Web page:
Weinstein's brother and business partner Bob told The Hollywood Reporter in an emotional interview published Saturday that he knew the tycoon was a cheater, but said he was unaware the extent of his "sick and depraved" behaviour.

"For me, I thought he was literally just going out there cheating in a pervasive way," he is quoted as saying.

"It wasn't like he even had a mistress. It was one after another and that I was aware of.

"But as far as being in a room and hearing the description in The New York Times? No way."

Weinstein appears to have garnered little sympathy from the public, either, according to a survey conducted by celebrity branding expert and bestselling author Jeetendr Sehdev.

Some 82 per cent of 2,000 people questioned as part of an ongoing study into American attitudes to celebrity and entertainment said he should be kicked out of the Academy.

Hollywood, too, has largely turned its back on Weinstein, with veteran filmmaker Oliver Stone and fashion designer Donna Karan offering the only words of support.

While Stone merely warned against Weinstein being "condemned by a vigilante system", Karan went further, triggering outrage when she suggested women had been seeking a reaction from Weinstein by dressing provocatively.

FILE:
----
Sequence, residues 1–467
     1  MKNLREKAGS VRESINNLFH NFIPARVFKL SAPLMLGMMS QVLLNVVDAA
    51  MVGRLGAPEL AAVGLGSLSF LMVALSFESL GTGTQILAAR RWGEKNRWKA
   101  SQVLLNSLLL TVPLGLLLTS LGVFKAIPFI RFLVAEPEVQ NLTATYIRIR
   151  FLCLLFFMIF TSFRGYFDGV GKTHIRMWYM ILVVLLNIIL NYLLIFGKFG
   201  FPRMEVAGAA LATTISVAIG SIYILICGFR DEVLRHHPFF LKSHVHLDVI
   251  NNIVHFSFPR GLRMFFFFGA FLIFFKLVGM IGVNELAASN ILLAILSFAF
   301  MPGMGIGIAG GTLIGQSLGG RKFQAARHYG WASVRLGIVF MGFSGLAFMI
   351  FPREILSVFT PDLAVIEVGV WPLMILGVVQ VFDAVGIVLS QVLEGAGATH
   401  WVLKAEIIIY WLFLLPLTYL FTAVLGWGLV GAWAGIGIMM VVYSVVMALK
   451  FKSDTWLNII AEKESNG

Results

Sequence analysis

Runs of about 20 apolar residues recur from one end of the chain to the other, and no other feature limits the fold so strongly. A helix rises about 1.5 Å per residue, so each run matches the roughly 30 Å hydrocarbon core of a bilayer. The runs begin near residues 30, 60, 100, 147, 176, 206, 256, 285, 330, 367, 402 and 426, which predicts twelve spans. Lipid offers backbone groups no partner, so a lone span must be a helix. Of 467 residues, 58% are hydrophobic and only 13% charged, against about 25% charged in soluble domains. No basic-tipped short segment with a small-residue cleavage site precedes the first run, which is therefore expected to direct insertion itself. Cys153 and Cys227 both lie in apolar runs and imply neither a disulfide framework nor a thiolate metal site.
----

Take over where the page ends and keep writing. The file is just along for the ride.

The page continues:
Expulsion is a sanction the Academy had used just once before Weinstein, according to The Hollywood Reporter, against "The Godfather II" actor Carmine Caridi.

He was accused of giving tapes of around 60 Oscar movies seeking consideration for the Academy Awards to a neighbour who turned out to be a pirate.

The LA Times newspaper reported that some members of the board had wrestled with the Weinstein vote, worried that it might set a precedent requiring governors to police members' behaviour.

Other A-listers including Bill Cosby, Roman Polanski and Mel Gibson have all been investigated for their treatment of women but have escaped expulsion.

Celebrities took to Twitter to celebrate Weinstein's expulsion, with "Hellboy" actor Ron Perlman declaring how "proud" he was of the decision.

Mia Farrow, who worked with Polanski on "Rosemary's Baby" (1968) voiced hope that "we are witnessing the end of an awful era" while cautioning that "there are others".

Weinstein's films have received more than 300 Oscar nominations and 81 statuettes, according to The Weinstein Company, which he co-founded after selling Miramax.

The studio fired him on Sunday and is exploring a sale or shutdown, according to the Wall Street Journal.

Meanwhile the producer's wife, English fashion designer Georgina Chapman, has said she plans to divorce him.

Page 2 of 2